Michael Gove calls for hundreds more vulnerable children a year to be taken into care, and for an end to 'preoccupation with rights of biological parents'

 

Hundreds more vulnerable children a year could be removed from their parents and placed in care or adopted to prevent them suffering “a life of soiled nappies, scummy baths, chaos and hunger”, Michael Gove has signalled.

Tearing up two decades of child protection orthodoxy Mr Gove said the state had for too long exposed children to “appalling neglect and criminal mistreatment” because of its “preoccupation with rights of biological parents”.

And he called for social workers to be “more assertive with dysfunctional parents, courts to be less indulgent of poor parents, and the care system to expand to deal with the consequences”.

Mr Gove’s intervention – his first on child protection policy – comes after the publication of an independent report on children’s services at a council which sparked David Cameron’s pronouncement that Britain had become a “broken society”.

But his comments drew sharp criticism from social workers who questioned whether the Government would commit the resources necessary to expand effective state care. They also warned that there were long term psychological effects of taking children away from their families.

But In his speech in London Mr Gove said the case in Edlington brought home the need for the state to intervene faster and more decisively in child protection issues.

“The state is failing in its duty to keep our children safe,” he said.

“It may seem hard to believe - after the killing of Victoria Climbie, after the torture of Peter Connelly, after the cruel death of Khyra Ishaq – but we haven’t.

“We are not taking the necessary actions, to prevent thousands of children growing up in squalor, enduring neglect in their infancy, witnessing violence throughout their lives and being exposed to emotional, physical and sexual abuse during the years which should be their happiest.”

Aides to Mr Gove said evidence suggested that many social workers had an inbuilt “optimism bias” when dealing with problem families.

“You might have a mother who is a drug user with a violent boyfriend but when the social worker visits she says she has got rid of the boyfriend and trying to come off the drugs.

“When you look at the case reviews where things have gone seriously wrong you see that social workers honestly want to believe that things can improve because it’s a difficult thing to say that I’m going to start proceeding to take your child away.”

To get round this problem officials are looking at tightening the thresholds at which child protection proceedings are begun with further guidance to the courts on how to deal with cases.

But Mr Gove said the state also had an obligation to improve the services that young people in care received along with a push to open up adoption and fostering services.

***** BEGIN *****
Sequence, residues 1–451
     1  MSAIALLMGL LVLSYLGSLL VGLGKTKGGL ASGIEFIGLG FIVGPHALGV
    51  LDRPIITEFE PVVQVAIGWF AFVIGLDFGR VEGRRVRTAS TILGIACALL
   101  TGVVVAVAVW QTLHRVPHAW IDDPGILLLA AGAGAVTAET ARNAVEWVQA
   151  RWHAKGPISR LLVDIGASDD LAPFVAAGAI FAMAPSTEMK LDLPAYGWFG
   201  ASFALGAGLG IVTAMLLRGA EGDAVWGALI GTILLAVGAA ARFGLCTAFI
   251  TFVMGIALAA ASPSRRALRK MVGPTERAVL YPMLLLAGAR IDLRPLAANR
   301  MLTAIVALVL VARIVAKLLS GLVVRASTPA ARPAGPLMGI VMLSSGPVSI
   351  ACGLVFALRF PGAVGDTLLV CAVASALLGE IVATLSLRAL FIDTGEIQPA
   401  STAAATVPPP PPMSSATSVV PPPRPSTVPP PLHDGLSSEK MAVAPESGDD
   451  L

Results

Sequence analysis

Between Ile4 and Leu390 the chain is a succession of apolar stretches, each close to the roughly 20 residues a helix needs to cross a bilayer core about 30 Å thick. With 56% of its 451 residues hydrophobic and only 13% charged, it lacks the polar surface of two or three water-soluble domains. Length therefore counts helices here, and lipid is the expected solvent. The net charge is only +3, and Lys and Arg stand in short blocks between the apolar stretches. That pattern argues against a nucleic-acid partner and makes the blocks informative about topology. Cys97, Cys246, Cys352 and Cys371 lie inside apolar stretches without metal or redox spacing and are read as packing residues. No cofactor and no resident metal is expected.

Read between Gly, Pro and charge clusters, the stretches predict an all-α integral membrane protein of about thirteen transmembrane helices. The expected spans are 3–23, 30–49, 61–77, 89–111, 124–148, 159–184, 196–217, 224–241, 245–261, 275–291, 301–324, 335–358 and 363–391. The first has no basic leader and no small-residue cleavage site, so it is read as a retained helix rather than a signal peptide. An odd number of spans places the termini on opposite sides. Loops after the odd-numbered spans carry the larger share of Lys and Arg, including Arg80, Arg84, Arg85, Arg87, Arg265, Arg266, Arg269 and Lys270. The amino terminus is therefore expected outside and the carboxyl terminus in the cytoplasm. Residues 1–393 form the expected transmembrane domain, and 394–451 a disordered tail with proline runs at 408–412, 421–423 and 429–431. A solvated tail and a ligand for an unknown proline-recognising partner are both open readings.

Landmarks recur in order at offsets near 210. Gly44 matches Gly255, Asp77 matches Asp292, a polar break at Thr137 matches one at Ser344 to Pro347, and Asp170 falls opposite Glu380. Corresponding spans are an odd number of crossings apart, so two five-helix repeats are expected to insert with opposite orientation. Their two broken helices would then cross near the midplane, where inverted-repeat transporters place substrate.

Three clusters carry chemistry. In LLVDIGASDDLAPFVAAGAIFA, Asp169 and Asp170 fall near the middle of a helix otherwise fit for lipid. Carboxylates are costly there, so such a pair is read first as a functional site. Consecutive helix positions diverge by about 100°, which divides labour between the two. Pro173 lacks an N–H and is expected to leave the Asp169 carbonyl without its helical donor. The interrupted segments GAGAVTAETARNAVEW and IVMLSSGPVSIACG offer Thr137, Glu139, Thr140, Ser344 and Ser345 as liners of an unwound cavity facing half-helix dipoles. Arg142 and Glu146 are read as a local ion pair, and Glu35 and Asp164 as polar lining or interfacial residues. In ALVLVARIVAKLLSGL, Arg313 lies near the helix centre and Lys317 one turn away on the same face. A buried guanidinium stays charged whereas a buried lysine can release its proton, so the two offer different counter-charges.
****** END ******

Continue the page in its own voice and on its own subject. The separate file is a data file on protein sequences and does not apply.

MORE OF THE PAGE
He announced a new drive to improve the quality of social workers – modelled on the Teach First programme which has been successful in attracting high calibre graduates to teaching.

“I won't deny there are many things we must do urgently to improve the treatment of and prospects for children and young people in care,” he said.

“Not least, to improve the education they receive, to make sure that they leave school and college with good, valuable qualifications, ready to progress into HE, work and adult life.

“But those who point to the numbers in prison, or suffering mental health problems, or in poor schools, or without qualifications, or who are unemployed and who are, or have been in care, and conclude that it is always care that is responsible for these terrible outcomes are making a terrible error.

“They are confusing correlation and causation. It’s as foolish as concluding that because so many die in hospital, hospitals are bad for your health.”

But Bridget Robb, acting chief executive of the British Association of Social Workers, said Mr Gove’s analysis of the problems and strategy was simplistic.

“Social work professionals will concur with Mr Gove in recognising that the voice of children should be heard first and foremost, and ahead of any professional or other interest,” she said.

“What his analysis overlooks, however, is that protecting children also involves learning from evidence from around the world telling us that simply cutting them off from their birth families is not always in their best interests.

“We need to be careful to resist taking a punitive approach to struggling families – an approach that may play well with the media but may fail vulnerable children who need protection.”

Ms Robb added that none of his solutions – at a time of huge pressure on local council budgets would be cheap.

“The minister's speech offers no recognition of how part of the state's ‘failure in its duty to keep our children safe’ lies in a refusal to understand that it requires sustained investment in better services, whether this is done through intensive work with parents in the family or by taking more children into care.

“The latter option is not cheap, and to pretend that social workers can take on ever greater caseloads with ever diminishing resources is a miscalculation that Mr Gove surely must recognise.”

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